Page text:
Let me ask you a question. How much free time do you wish you had?
Is the answer “more than I have now”? or “All of it, of course!”?
My stock answer is similar. I want all my time to be free time. Right?? Don’t I?!
At least, I thought I did. I mean, I definitely sometimes fantasize about the days when I’m retired and my kids are adults and all of my time is mine, mine, mine.
But, I read a study recently that turned my thinking on its head!
There is a sweet spot for free time. And it’s not actually “all the time.”
Now, of course, having too little free time is detrimental to our happiness and life satisfaction. I think you know that from experience. But it turns out that having too much free time has the same effect! Wild, right!?
In fact, this study found that the sweet spot for discretionary time (i.e. time not tied to obligations) is between two and five hours a day. That’s it!
And you know what? I bet that’s easier to achieve than you think.
Now let me ask you another question: how much leisure time are you getting a day right now? Do you know? Is it in the sweet spot?
If yes, time to do a little happy dance!
If not, I think you can get there. You’re looking for just two hours a day that you can spend doing what you want to do, not what you have to do.
Think it’s impossible? Try these tactics:
First, take a look at your screen-time on your phone. Yes, right now. Are you spending 2 hours a day on social media, the news, etc.? Well, the good news is that you can take back that time for yourself. Instead of mindlessly scrolling away that free time, think about how else you might like to use it.
Make a quick list of things you enjoy doing, things that fill your cup. (Maybe it’s exercise, or Netflix, or knitting.) Make a plan to replace that mindless scroll time with stuff you actually enjoy.
Then ask yourself, am I already spending regular time on any of these things?
If so, simply bringing that to your awareness can help you reframe those things you were already doing as “free time”.
Are you doing anything that you could outsource? What if you hired a weekly or biweekly cleaner? How much time could you get back every day? What about taking your laundry to the wash’n fold?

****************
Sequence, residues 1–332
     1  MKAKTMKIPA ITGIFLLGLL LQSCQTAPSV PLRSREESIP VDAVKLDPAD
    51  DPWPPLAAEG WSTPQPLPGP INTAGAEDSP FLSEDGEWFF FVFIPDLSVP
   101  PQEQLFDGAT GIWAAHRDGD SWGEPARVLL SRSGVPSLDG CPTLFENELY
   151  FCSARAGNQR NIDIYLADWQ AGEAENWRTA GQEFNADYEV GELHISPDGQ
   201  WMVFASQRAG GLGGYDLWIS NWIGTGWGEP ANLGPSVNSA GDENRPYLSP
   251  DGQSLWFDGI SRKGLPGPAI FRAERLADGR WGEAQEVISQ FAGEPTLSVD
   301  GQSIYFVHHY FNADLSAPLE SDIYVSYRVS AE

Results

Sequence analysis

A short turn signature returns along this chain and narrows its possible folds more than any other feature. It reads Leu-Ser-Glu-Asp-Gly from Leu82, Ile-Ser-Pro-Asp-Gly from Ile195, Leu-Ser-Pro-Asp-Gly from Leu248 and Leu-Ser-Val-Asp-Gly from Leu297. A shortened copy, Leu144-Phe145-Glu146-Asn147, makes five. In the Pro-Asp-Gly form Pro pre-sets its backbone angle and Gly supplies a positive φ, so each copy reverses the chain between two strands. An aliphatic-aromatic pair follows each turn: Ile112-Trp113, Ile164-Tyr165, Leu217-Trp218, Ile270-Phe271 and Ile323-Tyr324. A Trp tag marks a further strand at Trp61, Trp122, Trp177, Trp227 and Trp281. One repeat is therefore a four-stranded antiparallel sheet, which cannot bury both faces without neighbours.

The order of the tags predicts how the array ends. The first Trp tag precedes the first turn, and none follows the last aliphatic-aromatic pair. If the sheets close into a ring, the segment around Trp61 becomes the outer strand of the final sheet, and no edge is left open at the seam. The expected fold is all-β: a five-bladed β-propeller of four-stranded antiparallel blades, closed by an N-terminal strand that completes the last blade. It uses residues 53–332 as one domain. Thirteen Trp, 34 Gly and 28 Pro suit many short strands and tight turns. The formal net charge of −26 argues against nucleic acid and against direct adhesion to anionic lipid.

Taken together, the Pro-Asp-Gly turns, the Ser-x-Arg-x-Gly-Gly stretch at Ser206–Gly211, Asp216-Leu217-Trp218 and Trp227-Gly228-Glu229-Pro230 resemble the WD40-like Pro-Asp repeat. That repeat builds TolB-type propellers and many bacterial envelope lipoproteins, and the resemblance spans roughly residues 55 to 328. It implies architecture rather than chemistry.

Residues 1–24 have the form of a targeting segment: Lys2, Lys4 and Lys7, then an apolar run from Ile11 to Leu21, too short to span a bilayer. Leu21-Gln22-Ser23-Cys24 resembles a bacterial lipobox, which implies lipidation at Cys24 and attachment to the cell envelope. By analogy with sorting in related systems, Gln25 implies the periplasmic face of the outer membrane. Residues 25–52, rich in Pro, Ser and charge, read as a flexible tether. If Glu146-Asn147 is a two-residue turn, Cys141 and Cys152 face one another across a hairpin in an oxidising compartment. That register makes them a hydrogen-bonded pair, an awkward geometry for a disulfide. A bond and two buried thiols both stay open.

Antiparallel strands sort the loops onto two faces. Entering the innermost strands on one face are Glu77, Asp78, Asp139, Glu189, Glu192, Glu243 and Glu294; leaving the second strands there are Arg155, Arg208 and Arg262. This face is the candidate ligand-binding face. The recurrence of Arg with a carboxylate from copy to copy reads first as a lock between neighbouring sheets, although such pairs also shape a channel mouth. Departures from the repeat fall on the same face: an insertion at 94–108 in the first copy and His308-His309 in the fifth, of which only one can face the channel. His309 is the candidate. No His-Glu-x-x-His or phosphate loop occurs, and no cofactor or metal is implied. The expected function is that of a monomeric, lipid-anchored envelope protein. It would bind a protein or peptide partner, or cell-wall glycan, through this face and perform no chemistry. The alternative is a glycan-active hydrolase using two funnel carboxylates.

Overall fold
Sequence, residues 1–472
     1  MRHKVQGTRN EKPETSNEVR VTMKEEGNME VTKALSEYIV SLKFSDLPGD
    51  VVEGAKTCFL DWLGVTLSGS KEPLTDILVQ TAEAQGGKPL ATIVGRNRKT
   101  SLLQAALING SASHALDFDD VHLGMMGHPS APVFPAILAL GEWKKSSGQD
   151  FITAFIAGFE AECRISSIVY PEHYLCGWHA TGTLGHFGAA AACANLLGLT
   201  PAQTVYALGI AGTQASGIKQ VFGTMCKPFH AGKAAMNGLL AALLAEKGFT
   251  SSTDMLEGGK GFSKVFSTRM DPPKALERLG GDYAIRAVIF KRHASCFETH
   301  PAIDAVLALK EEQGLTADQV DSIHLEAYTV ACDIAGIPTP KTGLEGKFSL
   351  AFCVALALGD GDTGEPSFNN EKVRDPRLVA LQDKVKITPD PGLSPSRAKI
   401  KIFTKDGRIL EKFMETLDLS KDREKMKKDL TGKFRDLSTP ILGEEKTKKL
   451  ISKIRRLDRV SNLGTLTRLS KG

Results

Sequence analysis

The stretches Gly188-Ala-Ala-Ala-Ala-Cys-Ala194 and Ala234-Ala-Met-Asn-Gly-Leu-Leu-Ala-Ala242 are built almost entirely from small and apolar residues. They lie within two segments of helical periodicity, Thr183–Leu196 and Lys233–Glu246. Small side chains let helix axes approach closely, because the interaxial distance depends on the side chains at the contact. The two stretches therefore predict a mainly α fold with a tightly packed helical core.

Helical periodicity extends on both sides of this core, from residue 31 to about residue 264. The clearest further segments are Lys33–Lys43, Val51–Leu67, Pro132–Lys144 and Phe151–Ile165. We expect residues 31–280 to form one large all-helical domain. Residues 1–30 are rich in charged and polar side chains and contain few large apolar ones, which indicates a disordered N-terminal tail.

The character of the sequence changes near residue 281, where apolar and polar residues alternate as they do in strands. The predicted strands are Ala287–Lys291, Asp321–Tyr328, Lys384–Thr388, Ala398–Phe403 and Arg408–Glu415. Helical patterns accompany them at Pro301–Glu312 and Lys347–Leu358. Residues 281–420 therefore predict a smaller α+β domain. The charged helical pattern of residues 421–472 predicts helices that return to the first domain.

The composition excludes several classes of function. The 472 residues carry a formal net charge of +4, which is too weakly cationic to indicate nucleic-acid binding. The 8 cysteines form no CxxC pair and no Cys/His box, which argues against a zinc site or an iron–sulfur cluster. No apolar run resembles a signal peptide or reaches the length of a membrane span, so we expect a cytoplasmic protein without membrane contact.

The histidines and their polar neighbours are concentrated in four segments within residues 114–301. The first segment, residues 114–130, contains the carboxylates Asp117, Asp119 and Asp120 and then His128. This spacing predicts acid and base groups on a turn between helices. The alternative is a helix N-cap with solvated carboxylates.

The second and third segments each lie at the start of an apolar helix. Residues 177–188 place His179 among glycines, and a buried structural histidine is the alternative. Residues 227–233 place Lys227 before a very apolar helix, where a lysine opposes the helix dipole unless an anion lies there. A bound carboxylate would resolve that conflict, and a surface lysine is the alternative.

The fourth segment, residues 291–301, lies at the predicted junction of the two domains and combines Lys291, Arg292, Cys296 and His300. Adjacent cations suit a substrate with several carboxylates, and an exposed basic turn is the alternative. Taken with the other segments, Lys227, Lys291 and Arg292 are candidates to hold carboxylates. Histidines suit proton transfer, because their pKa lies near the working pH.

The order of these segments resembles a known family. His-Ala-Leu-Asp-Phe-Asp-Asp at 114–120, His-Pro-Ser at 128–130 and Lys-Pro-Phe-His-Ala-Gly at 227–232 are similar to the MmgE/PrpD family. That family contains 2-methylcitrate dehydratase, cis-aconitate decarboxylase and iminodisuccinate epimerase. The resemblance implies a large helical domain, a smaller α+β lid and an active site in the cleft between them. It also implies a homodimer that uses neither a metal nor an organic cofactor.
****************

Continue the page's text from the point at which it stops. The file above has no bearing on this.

Could your kids be taking public transit to school? Or could you be carpooling? (Carpooling is a highly underrated resource. I started saving five hours a week by joining a carpool earlier last year!)
Could you delegate more to your kids? (Dishes, garbage, laundry?)
What about your partner? Does the division of labor in your household feel fair to all parties?
Are you working longer hours than you’d like? Is there anything you could be delegating at work? (Not sure? Take a look at your workload and ask yourself: What are the things here than can only be done by me? Depending on your role, everything else could be a candidate for delegation.)
Set a boundary
Is your work bleeding into your free time? What if you turned off notifications (or better yet, removed work email and Slack from your phone altogether)? How about setting boundaries on your calendar so that work meetings are auto-declined after a certain hour? What about signing up for an evening class to do something new, fun, or creative, that occurs right after work so you can no longer stay late?
Break it up
Think there’s no way to get two hours? What if you break it up? Can you get four 30 minutes slots of time to yourself each day? What about an hour in the evening, 30 minutes in the morning, and a couple of 15-minute blocks midday? Your free time doesn’t have to be taken all at once to count!
[Side note: You might be wondering about me and how my time stacks up with the data in this study. So, I’ll tell you. I’m happy to report that I’m in that sweet spot. On weekdays my obligations usually end around 7:30 pm or 8 pm, right around the time that dinner is finished and the kids are starting to clean the kitchen. And I go to bed around 11 pm or midnight. So I’m getting around three to four hours of leisure time a day during the week. And on weekends, it’s quite a bit more!]
This article originally appeared on Thrive Global and is reprinted with the author’s permission.